Is there really a “cost of living crisis” or are people just taking the piss?

Ashton (Ladysmith) Shopping Precinct
Ashton (Ladysmith) Shopping Precinct by David Dixon is licensed under CC-BY-SA 2.0

Does anyone find it strange that in much of the news media, in one breath they are telling people there is a ‘cost of living crisis’ and then in the next, they are encouraging people to spend money with their favourite retailers, or promoting some swanky restaurant, over-priced Christmas market, or some unaffordable city-centre apartment?

Anyway, the idea for this blog post came about after reading this story yesterday:

A supermarket boss has started posting CCTV of suspected shoplifters on TikTok – after spotting thieves nine times in one week.

Staff at Mr Khan’s, in Winson Green, Birmingham, also share the footage on Instagram, garnering hundreds of thousands of views on their accounts.

Danny Khan, who runs the Jamaican food store with his father, said outing suspects on social media was acting as a deterrent.

“More and more people are getting shamed and then coming back and saying sorry and sometimes they pay for items. If they do that we will take the video down,” he said.

“The police have never come round, every time we reported it no-one ever comes. They’re busy so we went to social media.”

“Supermarket boss using TikTok to shame shoplifters” – BBC News, 17th January 2024

Now to be honest, that sounds about right, with the police not really being interested in shoplifting. However I do warn that this could come back to bite them in the arse, in two ways actually.

First, some people are that desperate for social media ‘attention’, that this might actually encourage more people to come and do a little shoplifting, just so they can get some bragging rights amongst their own followers.

Secondly, while the police may not appear to be interested in ‘petty crimes’ such as shoplifting nowadays, there are all sorts of GDPR and data protection laws in place now, that it wouldn’t take much for some individual to make a complaint to the police about video footage of them being posted on the internet “without their consent”, for the police to come down hard on Mr Khan for doing just that.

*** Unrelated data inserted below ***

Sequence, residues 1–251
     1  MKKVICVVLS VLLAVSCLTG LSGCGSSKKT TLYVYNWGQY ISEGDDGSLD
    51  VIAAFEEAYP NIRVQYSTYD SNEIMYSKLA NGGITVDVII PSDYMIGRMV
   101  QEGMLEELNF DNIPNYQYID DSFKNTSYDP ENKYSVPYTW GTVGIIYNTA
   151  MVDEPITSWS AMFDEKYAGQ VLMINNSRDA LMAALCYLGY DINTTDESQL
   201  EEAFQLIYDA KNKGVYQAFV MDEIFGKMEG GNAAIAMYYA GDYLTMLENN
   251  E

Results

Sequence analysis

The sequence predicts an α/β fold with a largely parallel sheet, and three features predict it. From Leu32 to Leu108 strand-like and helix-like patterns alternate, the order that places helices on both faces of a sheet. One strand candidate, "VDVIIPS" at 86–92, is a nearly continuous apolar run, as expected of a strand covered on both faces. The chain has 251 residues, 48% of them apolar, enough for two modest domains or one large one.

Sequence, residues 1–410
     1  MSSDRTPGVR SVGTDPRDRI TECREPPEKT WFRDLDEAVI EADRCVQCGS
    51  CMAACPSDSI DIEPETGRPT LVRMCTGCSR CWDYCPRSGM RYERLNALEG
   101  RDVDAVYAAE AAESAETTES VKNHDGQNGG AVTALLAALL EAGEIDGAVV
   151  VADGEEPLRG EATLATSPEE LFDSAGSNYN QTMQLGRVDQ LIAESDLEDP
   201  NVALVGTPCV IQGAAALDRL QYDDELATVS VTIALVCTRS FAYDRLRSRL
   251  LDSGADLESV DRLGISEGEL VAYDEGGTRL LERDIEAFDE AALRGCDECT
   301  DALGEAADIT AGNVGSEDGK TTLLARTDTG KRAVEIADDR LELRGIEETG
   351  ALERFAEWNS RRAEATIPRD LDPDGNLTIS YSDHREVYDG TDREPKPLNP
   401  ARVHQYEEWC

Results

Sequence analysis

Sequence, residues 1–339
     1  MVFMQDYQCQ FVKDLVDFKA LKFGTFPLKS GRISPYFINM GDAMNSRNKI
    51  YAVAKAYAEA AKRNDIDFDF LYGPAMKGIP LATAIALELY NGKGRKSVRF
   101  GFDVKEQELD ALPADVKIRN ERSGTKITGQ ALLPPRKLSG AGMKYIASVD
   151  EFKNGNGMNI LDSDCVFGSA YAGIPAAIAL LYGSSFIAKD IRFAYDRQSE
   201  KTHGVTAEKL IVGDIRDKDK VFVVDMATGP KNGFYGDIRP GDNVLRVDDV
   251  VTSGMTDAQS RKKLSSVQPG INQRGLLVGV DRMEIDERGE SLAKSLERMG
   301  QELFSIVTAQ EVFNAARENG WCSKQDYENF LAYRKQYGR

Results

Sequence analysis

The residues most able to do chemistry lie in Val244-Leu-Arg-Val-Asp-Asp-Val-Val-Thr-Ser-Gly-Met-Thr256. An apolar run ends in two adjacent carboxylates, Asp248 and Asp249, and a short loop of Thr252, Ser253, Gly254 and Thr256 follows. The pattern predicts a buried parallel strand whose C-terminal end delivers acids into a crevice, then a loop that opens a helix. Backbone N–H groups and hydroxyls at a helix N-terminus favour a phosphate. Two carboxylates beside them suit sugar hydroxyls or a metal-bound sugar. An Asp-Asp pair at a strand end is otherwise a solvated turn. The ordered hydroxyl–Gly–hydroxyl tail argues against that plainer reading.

Yes, we really do live in a bizarro clown-world!

Anyway, that’s just my take on that aspect of the story, but what really got me thinking about this was the following from the same article:

During the cost of living crisis there has been a 100% increase in the theft of food in the West Midlands, figures show.

West Midlands Police recorded 3,138 stolen food products in 2023, compared with 1,572 in 2022.

Meat and confectionary were the most shoplifted food items, but thefts of baby food, nappies and other essentials like toothbrushes and cleaning products also increased last year.

Most items were not categorised and so the true figure of thefts is much higher.

Graham Wynn, assistant director of Business Regulation at the British Retail Consortium, said: “These high levels of theft are unsurprising. Retail crime has been getting increasingly worse, with thieves becoming bolder and more aggressive.

“It also costs retailers, and ultimately customers, £953m a year (in the UK) – money that would be better spent on reducing prices for customers.

“We need the police to give retail crime greater prioritisation.”

Right from the start, the claim is that ‘food theft’ is a direct result of this ‘cost of living crisis’.

I used to work in a retail store years ago, and shoplifting is certainly not a ‘new phenomenon’, it has been going on for years. Even back then, you were lucky if a police officer actually turned up, they’d take a statement and description of the offender, give you a crime reference number, maybe take away some CCTV footage, but no-one would get caught.

Maybe it’s more likely that thieves are “becoming bolder and more aggressive” because they know that they can get away with it. A brave shop-worker who tackles and confronts a shoplifter these days is more likely to be charged with assault themselves, or worse still ends up injured or maimed from being stabbed.